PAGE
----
After checking out tips on Quora for neighborhoods to checkout while visiting Silicon Valley, I followed a recommendation to try out PadMapper. I love this idea of having UI elements simply overlaid on a Google map (as seen in the above screenshot). To keep things clean and simple, this tactic necessitates sparsity in visible menu items. PadMapper uses a slide-out menu for tracking favorites and collapsible menu chunks in the main menu for additional filtering options. Even though this puts common elements like login links in a non-standard position (instead of being in the top-right of the browser window they appear at the top of the main superimposed menu), PadMapper leverages users’ familiarity with Google Maps (with its UI elements in the top left and right corners) and keeps new functionality easy to locate by grouping it together within the superimposed menu. The graying-out of the map pins is a nice touch. To improve the UX I would include the favorites menu as a collapsible side tab off the main menu and reveal rental listing details when you mouseover the map pins rather than having to click on each one.
The movie The Aviator was sloppy around the edges (what the hell were they thinking with those bizarre Wainwright cameos in the Cocoanut Grove scenes?) in spite of some excellent acting. But, one thing I am left with after viewing the film is a lingering fascination with Howard Hughes. His innovation and ability to execute on his vision were staggering. I can’t get through the film without searching on my iPhone for photos of Hughes with any number of starlettes, the spectacle of the Hell’s Angels premiere, or the morbid glimpses of Hughes on a stretcher being loaded into an ambulance after crashing his plane into a Beverly Hills house.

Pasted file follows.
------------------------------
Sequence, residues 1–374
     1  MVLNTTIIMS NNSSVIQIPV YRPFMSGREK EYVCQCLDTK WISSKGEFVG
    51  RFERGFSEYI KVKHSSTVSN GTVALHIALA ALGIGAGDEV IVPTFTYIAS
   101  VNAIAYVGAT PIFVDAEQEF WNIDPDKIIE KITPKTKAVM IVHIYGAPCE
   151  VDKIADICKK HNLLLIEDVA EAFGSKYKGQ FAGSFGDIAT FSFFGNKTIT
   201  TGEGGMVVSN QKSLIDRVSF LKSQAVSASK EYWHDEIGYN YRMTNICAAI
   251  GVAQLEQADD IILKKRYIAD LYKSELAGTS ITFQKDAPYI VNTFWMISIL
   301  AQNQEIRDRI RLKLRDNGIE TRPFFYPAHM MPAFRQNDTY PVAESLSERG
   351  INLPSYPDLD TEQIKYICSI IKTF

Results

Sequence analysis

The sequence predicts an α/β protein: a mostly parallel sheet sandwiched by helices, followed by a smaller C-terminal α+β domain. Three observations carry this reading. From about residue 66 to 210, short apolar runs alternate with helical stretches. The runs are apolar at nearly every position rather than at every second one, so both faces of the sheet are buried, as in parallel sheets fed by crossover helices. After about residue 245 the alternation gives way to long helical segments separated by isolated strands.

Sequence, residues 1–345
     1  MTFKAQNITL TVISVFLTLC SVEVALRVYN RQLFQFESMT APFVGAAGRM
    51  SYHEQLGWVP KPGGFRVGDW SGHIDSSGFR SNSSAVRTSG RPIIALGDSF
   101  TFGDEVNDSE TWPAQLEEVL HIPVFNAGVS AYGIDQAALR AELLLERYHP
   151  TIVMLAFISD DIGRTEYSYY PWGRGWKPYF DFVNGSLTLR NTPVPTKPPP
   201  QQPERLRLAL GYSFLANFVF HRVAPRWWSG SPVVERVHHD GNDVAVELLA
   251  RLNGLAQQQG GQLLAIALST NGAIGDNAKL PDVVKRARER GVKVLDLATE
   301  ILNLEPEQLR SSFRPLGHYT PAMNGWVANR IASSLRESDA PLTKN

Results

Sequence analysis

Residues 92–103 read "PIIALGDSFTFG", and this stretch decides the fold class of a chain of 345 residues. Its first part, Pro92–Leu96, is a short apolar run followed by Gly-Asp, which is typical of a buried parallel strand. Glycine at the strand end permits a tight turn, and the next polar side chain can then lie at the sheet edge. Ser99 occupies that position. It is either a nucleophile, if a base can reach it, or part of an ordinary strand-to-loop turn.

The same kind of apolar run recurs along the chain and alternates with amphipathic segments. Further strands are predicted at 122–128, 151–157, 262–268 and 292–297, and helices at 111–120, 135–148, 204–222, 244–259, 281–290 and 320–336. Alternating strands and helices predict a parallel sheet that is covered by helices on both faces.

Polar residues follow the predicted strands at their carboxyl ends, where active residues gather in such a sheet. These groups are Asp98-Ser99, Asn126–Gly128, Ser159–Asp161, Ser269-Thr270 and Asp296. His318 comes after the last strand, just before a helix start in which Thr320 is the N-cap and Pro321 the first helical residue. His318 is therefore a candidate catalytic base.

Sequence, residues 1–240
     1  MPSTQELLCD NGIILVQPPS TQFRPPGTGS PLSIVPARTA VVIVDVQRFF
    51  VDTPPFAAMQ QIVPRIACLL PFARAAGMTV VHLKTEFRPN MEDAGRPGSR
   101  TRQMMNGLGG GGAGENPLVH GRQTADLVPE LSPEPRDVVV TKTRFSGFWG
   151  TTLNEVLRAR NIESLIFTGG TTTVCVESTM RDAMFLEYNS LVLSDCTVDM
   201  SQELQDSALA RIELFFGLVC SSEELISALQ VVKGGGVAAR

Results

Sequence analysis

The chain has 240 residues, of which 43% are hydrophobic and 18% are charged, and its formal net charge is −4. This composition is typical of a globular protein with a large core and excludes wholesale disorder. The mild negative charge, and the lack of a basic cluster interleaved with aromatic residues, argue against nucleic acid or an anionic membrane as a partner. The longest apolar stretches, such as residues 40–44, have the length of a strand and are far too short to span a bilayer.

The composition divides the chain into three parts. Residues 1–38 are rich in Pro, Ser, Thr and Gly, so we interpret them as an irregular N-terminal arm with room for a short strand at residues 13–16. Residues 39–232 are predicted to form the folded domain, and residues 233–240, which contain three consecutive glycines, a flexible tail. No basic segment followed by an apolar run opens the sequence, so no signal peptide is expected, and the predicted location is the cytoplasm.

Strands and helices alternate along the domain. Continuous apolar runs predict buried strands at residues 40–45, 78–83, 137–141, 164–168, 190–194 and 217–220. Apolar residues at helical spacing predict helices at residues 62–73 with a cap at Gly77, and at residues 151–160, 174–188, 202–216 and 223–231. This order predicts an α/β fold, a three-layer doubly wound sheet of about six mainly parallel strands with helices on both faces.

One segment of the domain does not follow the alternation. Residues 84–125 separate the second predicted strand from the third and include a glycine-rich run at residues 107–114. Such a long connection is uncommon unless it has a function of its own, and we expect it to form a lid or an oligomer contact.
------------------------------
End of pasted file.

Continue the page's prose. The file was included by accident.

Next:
There’s a wonderful unofficial collection of Hughes images (and a few videos) on Flickr. A former Hughes employee chimes in from time to time in the comments to correct details (see more from Paul B. WInn, Hughes’ former personal secretary, on this sprawling Facebook thread.)
Don’t you just love the web? It makes stalking so easy and media-rich.
This site is built on WordPress and uses the phpFlickr library to pull in artwork posted on Flickr. phpFlickr has some nice features like caching and all the Flickr API integration needed to build a slick gallery. We’re using the nyroModal jQuery plugin for an effective full-screen slideshow feature to get a great look at Brin’s art. One thing we ported over from Brin’s former site was the PayPal buy links that allow patrons to purchase both original artwork and prints in the store.
I’m happy to note that with some prior discussion to get on the same page about the new site, we were able to build and launch this in less than a week! If only every site could go that smoothly… I hope you enjoy the site and please send along feedback (via Twitter, comments…any which way!)